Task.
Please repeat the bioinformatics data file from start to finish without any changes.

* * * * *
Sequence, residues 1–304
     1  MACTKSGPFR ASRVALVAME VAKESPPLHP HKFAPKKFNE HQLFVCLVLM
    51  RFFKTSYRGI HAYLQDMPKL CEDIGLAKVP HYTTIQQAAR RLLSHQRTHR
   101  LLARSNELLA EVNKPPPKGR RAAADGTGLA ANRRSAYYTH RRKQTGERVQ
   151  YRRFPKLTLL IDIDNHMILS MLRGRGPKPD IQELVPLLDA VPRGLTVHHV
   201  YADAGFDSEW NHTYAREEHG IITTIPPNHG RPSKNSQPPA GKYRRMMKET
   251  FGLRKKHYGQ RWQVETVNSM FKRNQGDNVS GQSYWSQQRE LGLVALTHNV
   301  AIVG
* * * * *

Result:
Sequence, residues 1–304
     1  MACTKSGPFR ASRVALVAME VAKESPPLHP HKFAPKKFNE HQLFVCLVLM
    51  RFFKTSYRGI HAYLQDMPKL CEDIGLAKVP HYTTIQQAAR RLLSHQRTHR
   101  LLARSNELLA EVNKPPPKGR RAAADGTGLA ANRRSAYYTH RRKQTGERVQ
   151  YRRFPKLTLL IDIDNHMILS MLRGRGPKPD IQELVPLLDA VPRGLTVHHV
   201  YADAGFDSEW NHTYAREEHG IITTIPPNHG RPSKNSQPPA GKYRRMMKET
   251  FGLRKKHYGQ RWQVETVNSM FKRNQGDNVS GQSYWSQQRE LGLVALTHNV
   301  AIVG